PDFObject 2.0 released

After almost eight years in the making (and nearly 7 years of procrastinating), PDFObject 2.0 has arrived.

PDFObject is an open-source standards-friendly JavaScript utility for embedding PDF files into HTML documents. It’s like SWFObject, but for PDFs.

Version 1.0 was released in 2008 and has enjoyed modest success. Based on stats from PDFObject.com (including devious hot-linkers) and integration with 3rd-party products, I’m guesstimating it has been used on well over a million web pages. (If I had a nickel for every time it was used…)

I updated it a few times over the years, but generally only if someone reported a compatibility issue. Like an old beat-up car, it was a bit crusty, but still ran like a champ. That is, it ran like a champ until the rules of the game were changed — when Microsoft changed their ActiveX strategy in Internet Explorer 10-11 and Microsoft Edge, PDFObject’s checks for ActiveX began to fail, rendering PDFObject useless in those browsers. This marked the beginning of the end for PDFObject 1.x.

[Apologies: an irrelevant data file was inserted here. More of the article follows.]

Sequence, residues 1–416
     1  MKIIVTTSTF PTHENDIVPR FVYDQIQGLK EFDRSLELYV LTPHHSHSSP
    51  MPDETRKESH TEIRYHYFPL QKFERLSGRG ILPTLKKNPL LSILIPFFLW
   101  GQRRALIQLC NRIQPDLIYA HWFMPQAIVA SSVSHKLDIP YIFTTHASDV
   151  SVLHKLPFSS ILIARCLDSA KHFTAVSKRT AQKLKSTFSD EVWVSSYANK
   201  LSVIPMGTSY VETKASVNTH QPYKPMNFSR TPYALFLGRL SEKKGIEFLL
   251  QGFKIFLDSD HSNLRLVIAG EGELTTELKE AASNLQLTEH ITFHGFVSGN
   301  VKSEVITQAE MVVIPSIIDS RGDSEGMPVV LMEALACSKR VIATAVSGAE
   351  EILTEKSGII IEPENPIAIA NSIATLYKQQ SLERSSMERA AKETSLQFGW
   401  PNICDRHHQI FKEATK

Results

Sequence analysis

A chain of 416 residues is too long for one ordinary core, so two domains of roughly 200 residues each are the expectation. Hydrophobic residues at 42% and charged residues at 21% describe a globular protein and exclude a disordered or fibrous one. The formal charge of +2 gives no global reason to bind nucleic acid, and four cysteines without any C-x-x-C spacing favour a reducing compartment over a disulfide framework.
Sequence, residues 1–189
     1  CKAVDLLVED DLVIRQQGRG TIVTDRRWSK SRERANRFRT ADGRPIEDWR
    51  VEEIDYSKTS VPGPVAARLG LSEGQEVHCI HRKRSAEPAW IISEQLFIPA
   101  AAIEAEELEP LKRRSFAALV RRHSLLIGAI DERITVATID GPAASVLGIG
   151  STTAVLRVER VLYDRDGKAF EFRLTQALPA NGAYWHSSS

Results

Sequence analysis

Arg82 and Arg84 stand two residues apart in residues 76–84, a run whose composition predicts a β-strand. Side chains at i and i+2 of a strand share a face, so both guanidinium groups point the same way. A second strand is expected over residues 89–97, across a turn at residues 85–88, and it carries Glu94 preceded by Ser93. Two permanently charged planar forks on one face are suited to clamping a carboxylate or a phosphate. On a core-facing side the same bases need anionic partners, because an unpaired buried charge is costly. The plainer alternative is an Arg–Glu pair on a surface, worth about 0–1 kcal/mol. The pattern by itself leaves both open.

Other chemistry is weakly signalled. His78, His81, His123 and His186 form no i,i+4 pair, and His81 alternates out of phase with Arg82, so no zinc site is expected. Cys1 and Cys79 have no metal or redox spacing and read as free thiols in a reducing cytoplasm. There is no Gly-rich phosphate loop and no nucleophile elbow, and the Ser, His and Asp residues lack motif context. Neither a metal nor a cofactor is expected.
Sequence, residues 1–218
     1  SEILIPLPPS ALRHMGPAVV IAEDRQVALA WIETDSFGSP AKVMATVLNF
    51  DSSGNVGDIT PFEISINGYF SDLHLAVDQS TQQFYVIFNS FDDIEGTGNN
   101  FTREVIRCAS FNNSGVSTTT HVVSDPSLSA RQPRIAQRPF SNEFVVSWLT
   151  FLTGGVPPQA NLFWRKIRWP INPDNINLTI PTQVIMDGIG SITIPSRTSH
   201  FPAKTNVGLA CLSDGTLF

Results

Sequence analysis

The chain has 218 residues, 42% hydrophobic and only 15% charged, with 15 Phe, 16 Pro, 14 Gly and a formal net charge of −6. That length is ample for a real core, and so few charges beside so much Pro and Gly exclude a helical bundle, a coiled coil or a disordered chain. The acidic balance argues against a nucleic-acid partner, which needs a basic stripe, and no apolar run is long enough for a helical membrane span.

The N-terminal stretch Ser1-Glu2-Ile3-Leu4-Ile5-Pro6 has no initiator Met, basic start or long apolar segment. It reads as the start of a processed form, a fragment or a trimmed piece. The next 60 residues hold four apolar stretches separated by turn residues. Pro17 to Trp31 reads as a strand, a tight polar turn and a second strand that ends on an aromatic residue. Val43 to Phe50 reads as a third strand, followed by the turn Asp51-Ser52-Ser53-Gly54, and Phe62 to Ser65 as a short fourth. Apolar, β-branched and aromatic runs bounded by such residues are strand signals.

An update was overdue, yet I let it sit for a couple of years – I fully admit that kids, my job, and life tend to take precedence over an unfunded open-source project. But I never stopped thinking about PDFObject. I intentionally kept it at arm’s length for a while; I was fascinated by changes in the front-end development world, and waited to see how things would shake out.